¶ 8. Nonetheless, defendant argues that an attempted kidnapping should be sentenced at the lesser penalty because under some circumstances a kidnapper would be better off to complete the crime and release the victim unharmed.   In that case, the kidnapper would receive a lesser sentence than defendant did for an attempted kidnapping for conduct defendant views as presenting the same ultimate harm to the victim.   Defendant argues that it is absurd to punish attempted kidnapping in this manner, and contends the sentence is constitutionally disproportionate to the offense.

 ¶ 9. As to defendant's statutory claim, the Legislature created the penalty scheme and chose to treat attempt crimes in the same manner as the underlying substantive offense.   Because the legislation is unambiguous, we must enforce it as written.   The penalty imposed was within the statutory range.   Moreover, we cannot say that the sentence is unconstitutionally disproportionate to the offense.   To meet this standard, the penalty must be “clearly out of all just proportion to the offense.”  State v. Venman, 151 Vt. 561, 572, 564 A.2d 574, 581 (1989) (internal quotation marks omitted).   Comparing the crime committed by defendant to the sentence imposed, we cannot conclude that the sentence meets this constitutional standard.   The crime was charged as attempt because the victim escaped, but the initial restraint was accomplished with violence, and was reinitiated with violence and a weapon each time the victim managed to get away from defendant.   Eventually, defendant punched the victim and hit her in the face in an attempt to subdue her and shut her up.   He did not cease his pursuit of her as she struggled to get away.   There is no evidence in the facts that defendant affirmatively abandoned his pursuit of the crime.   Thus, defendant is asking to have a lesser penalty imposed because he was unsuccessful in committing a crime he clearly intended.   We cannot say that sentencing this attempt crime in the same manner as the completed crime, as the Legislature has decreed, is constitutionally disproportionate.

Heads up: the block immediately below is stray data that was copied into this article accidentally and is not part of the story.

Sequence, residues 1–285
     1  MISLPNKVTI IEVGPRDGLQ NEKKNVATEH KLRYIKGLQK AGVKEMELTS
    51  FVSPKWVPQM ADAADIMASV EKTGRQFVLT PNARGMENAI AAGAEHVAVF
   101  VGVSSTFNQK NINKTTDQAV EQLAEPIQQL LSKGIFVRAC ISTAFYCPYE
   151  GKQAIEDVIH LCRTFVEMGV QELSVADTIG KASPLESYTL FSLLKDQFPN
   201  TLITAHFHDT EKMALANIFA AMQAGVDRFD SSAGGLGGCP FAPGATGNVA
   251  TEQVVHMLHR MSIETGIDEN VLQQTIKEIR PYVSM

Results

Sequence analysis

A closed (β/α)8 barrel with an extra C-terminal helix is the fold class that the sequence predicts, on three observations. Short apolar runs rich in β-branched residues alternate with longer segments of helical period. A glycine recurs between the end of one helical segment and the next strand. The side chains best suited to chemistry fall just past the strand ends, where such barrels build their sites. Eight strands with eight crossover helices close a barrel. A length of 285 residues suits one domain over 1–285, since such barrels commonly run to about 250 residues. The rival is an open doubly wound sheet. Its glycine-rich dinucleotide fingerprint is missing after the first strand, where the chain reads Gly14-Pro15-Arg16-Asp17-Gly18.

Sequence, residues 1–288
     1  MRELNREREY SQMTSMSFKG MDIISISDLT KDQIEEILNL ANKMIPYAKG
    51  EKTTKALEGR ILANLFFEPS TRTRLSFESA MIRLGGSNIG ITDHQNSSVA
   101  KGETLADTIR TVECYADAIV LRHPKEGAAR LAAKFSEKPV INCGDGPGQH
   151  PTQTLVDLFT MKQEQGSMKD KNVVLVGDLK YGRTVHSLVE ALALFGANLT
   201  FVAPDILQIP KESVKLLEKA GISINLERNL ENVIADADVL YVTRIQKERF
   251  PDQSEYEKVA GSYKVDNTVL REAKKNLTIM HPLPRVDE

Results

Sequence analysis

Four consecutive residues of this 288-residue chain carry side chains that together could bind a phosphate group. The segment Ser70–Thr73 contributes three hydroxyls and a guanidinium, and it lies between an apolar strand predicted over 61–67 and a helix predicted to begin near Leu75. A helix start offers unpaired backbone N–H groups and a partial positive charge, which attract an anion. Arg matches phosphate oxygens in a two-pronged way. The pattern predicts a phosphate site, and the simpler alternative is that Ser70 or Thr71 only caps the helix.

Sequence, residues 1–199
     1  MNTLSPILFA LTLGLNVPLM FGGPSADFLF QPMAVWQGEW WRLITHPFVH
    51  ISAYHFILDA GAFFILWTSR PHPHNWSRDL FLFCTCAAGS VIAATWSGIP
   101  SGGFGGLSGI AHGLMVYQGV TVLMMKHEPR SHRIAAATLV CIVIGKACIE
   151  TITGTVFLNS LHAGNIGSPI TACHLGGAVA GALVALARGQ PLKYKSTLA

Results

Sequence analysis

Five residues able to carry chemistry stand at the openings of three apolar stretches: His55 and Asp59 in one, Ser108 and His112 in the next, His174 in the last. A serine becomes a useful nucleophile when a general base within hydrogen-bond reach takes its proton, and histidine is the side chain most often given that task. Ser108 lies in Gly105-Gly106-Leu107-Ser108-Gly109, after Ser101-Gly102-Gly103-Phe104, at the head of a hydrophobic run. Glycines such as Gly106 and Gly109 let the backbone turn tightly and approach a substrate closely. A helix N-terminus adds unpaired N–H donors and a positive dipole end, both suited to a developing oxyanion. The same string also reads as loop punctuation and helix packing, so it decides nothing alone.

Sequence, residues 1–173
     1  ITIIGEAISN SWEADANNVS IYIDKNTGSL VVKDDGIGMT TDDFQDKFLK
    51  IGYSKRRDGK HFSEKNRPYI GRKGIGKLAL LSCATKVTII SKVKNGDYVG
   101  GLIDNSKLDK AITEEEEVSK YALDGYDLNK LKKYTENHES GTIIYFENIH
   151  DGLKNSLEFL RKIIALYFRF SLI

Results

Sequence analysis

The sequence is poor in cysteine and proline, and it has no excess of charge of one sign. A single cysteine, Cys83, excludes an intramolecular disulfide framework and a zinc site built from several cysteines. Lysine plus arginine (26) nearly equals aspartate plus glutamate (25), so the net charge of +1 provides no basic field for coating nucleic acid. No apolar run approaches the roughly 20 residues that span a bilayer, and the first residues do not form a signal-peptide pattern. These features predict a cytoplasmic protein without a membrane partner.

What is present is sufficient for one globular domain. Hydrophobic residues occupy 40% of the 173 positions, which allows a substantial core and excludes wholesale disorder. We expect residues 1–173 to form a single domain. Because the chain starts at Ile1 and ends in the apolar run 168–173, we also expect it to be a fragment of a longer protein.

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Docket No: No. 03-206.

Decided: February 18, 2005

Court: Supreme Court of Vermont.